randombio.com | political commentary
Friday, August 12, 2016

Doesn't anyone believe in democracy anymore?

The time for arguments about Trump's suitability for office was during the primaries.

T he neocons—the ones who believed that democracy was the solution for all the problems in the Middle East—are now losing faith that democracy is a solution for America. Some intellectuals in the Republican party are following them. Democracy sounds great until the people choose the wrong guy.

The voters were unambiguous in their selection of Donald Trump as their preferred candidate. The time for arguments about his suitability for office was during the primaries. They were made, sometimes forcefully, but in the face of voter rebellion it was like pissing in a tsunami.

Now the party intellectuals are being played as useful idiots by supporting the most corrupt, Yuri Andropov-like candidate ever. Some have even resorted to the same slander that was leveled against Barry Goldwater, hinting that Trump's election would cause a nuclear war.

Their opinions carry weight with independents, who reasonably conclude that if the leaders of his own party hate him that much there must indeed be something wrong with him. Instead of the buoyant optimism we all expected, the gloomy prophecies of the never-Trumpsters are giving Hillary a tremendous boost.

Vials of Gloom

If she wins, the establishment will blame the voters for nominating Trump, and the voters will blame the establishment for not supporting the democratically elected nominee. The Republican party would be destroyed: there would be no reason to support a party that ignores the votes of its members, works against its own candidate, and serves up defeat three times in a row.

To some of us trapped out here in the lonely windswept wastelands, it looks almost as if the leaders are willing to see that happen.

Granted, no one, including Trump himself, knows what Trump would do if he's elected. Yet for all the gloomy editorials and special magazine issues, I have yet to hear a coherent, specific, convincing reason for why anyone would choose the alternative.

Hillary has given us specifics: for the two and a half months before her brain seizes up altogether, she will work for single-payer health insurance, unconditional amnesty, virtual elimination of the Bill of Rights, bankruptcy, and a government so corrupt that some will think the unthinkable.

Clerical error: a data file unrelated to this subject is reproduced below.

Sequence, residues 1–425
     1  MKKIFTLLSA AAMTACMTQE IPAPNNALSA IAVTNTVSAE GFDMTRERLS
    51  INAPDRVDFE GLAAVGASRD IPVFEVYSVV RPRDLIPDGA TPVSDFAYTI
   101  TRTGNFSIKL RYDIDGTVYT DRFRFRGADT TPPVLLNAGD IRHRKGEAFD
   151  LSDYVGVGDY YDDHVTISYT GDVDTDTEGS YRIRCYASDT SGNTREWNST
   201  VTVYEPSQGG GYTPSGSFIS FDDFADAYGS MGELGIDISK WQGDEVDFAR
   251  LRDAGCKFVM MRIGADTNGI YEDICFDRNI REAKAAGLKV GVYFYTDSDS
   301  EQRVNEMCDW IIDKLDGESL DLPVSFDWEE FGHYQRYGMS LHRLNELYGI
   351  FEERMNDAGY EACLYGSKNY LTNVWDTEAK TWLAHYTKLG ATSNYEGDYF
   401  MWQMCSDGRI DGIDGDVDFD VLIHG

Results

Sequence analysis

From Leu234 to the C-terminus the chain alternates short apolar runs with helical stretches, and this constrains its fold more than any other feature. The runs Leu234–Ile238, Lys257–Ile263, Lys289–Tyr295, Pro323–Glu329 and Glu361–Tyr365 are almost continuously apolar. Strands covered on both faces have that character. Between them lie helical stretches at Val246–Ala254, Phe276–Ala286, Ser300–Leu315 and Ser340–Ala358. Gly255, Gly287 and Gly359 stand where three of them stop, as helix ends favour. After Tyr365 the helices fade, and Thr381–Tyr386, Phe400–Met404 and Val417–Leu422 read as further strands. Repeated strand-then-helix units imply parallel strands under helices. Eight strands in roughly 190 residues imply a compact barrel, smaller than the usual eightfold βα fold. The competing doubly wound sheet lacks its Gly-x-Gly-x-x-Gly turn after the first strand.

The purpose of democracy is not to elect the person who is the most knowledgeable on foreign affairs, or the person who speaks with the best learned academic diction. The purpose of democracy is to ensure the legitimacy of government by giving the voters a stake in the outcome, much as Buffy's purpose is to ensure the legitimacy of humans by putting a stake in a vampire.

That means we will have demagogues, we will have fools, and we will have incompetents. People vote for people they identify with. This is not a bug. It is a feature. It is the deal we made when we embraced the democratic system.

The goal of our great experiment is to see if it's possible to devise a system whereby a population of the uneducated, the incompetent, the crazy, and the criminal can elect somebody who is none of those things.

Part of that experiment means making tweaks. But as long as we have a two-party system, the nomenklatura cannot leave and form a nonviable third party, so they have to make the party they're in nonviable.

Instead of raging against the unsavory individuals the system produces, they should use those fantastic brains of theirs to think of a way to improve the system so that unsavory individuals don't rise to power.

Maybe work to eliminate the two-party system. Some variant of a parliamentary system might do it, or maybe there is something better. Think outside the box: maybe an elected king and queen, a triumvirate, or a robot overlord.

Maybe our focus on individuals and their character, or lack of it, is a weakness. Maybe there's a way to change the system in such a way that the weaknesses and flaws of whoever's in charge get canceled out. But to find out we must survive.

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